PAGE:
The AV Industry Sends an SOS to Pete Buttigieg

The autonomous vehicle industry is in trouble and is looking for help from an unlikely source: U.S. Secretary of Transportation Pete Buttigieg.

A coalition of lobby groups sent Buttigieg a letter last week imploring him to support AV development or risk being overtaken by China. The subtext, of course, is the crisis facing GM subsidiary Cruise, which recently grounded its fleet in the wake of a crash involving one of its self-driving cars.

The letter makes no mention of the situation with Cruise, but focuses on the looming threat of competition from China. Signatories include the Autonomous Vehicle Industry Association, which represents Cruise, Waymo, Zoox, Motional and others, as well as the U.S. Chamber of Commerce and the Alliance for Automotive Innovation, which lobbies for the auto industry.

“The ministry’s support for AV development is crucial to maintain our country’s competitiveness and secure our position as a global leader,” the groups wrote. “The US is at a pivotal moment in the AV race, with countries like China aggressively investing and advancing the technology.”

Self-driving cars are safer than human drivers “because they eliminate human errors such as fatigued, impaired and distracted driving,” the groups said. “The need to dramatically improve road safety has never been greater, and we must adopt an ‘all-of-the-above’ strategy that includes AVs alongside other safety measures.”

The federal government has largely taken a back seat in regulating autonomous vehicles, leaving states to develop their own rules for safe deployment. Legislation that would dramatically increase the number of AVs on the road has been stalled in Congress for more than six years, with lawmakers at odds over a range of issues, including the number of exemptions from federal motor vehicle safety standards.

A possible stopgap called AV STEP was proposed by the National Highway Traffic Safety Administration earlier this year. This program could allow the agency to allow more vehicles without traditional controls, such as pedals and steering wheels, without reaching the annual cap on the number of exemptions. In her letter, the AV industry implores Buttigieg to initiate the regulatory process for AV STEP.

NHTSA had said it would begin the rulemaking process for AV STEP in the fall, although it appears to have missed that deadline. A spokesperson for the U.S. Department of Transportation did not respond to a request for comment.

The Cruise situation has exposed serious trust issues with AVs. California regulators accuse Cruise of withholding video footage of his driverless vehicle dragging a pedestrian after a collision. (Cruise denies this.) GM CEO Mary Barra recently told investors that the company must “build trust” with communities, including first responders, before it can put its cars back on the road.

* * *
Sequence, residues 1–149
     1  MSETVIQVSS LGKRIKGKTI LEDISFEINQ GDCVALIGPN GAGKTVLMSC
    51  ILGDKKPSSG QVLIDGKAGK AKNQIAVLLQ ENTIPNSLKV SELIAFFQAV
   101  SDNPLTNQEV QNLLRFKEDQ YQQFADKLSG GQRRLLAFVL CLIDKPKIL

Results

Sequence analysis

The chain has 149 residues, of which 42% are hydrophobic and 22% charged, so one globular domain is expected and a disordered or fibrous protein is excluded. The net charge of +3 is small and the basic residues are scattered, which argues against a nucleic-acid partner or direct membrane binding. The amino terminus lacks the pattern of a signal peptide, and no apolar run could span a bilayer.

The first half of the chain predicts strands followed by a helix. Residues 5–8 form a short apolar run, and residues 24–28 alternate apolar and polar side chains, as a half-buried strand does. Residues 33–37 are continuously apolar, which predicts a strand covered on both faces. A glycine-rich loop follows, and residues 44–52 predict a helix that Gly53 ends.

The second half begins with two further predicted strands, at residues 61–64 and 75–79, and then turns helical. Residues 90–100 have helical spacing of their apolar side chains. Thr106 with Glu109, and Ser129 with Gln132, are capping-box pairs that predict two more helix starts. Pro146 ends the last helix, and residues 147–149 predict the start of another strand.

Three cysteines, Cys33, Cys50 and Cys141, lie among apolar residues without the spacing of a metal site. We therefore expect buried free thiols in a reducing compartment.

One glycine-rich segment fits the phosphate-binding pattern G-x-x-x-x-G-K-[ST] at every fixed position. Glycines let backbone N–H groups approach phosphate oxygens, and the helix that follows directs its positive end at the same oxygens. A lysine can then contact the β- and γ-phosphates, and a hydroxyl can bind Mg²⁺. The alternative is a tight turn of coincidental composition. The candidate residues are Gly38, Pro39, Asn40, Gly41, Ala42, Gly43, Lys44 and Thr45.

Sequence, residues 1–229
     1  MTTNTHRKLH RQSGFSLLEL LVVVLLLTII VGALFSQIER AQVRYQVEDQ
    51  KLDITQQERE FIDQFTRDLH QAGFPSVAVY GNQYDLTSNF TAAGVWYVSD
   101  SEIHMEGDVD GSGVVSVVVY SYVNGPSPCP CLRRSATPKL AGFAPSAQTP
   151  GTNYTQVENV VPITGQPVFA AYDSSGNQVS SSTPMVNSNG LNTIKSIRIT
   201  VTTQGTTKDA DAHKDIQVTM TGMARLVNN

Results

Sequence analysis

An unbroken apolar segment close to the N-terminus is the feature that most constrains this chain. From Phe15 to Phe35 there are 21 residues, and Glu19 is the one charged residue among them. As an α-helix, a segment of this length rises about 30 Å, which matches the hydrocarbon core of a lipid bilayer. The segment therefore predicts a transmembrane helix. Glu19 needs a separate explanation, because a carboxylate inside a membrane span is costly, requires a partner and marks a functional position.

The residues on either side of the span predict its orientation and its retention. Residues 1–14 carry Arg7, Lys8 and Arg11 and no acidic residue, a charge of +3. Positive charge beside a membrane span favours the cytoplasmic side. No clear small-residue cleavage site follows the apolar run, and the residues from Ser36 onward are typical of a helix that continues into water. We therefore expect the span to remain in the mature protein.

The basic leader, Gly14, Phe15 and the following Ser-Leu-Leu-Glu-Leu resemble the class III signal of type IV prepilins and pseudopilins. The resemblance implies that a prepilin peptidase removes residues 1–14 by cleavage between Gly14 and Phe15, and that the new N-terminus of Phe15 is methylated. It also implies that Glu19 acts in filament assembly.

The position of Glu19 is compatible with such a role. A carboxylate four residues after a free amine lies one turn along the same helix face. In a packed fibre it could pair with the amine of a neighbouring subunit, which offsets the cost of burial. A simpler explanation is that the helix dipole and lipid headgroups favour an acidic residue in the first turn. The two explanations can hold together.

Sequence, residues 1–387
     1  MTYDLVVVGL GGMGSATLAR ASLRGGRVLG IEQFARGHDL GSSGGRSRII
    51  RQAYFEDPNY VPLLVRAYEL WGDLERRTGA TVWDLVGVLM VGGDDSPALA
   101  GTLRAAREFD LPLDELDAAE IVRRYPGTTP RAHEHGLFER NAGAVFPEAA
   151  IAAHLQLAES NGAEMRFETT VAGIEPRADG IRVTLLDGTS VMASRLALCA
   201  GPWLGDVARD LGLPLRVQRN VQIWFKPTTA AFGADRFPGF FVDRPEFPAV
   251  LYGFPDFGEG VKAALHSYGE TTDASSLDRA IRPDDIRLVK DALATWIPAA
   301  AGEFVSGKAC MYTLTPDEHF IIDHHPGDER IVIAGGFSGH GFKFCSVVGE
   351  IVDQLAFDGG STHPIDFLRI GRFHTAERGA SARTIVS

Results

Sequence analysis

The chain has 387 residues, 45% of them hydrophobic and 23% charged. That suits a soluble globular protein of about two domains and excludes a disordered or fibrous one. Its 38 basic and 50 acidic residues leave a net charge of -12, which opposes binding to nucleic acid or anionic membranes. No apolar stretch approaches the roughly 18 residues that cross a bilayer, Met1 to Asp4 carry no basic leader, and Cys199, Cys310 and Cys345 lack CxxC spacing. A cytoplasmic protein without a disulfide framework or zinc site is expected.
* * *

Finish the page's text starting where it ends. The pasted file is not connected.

It’s hard to imagine Buttigieg or NHTSA continuing to embrace AVs at a time when public opinion on self-driving cars is souring. NHTSA has opened an investigation into the Cruise incident, and Buttigieg has publicly said the government must ensure AVs are safe before they are widely deployed.

Update December 13 1:03 PM ET: After this story was published, a USDOT spokesperson sent a statement in response to the letter.

“When automated driving systems are developed and deployed with the right safeguards and taking into account broader societal impacts, they have the potential to lead to better outcomes across the transportation system,” the spokesperson said. “However, these outcomes are not intrinsic or inherent to the technology. The net impact – on safety, mobility, emissions, workforce and otherwise – will be the result of technical, implementation and policy choices. This is why the Department’s approach focuses on key policy priorities and the position that safety is fundamental to unlocking the technology’s potential for wider positive impact. As technology develops, the Department will further develop its research and policy agendas to identify areas of economic benefit and risk, give workers a seat at the table in shaping innovation, and work to prevent harm to workers, expanding access to skills and training, and supporting pathways to good jobs.”

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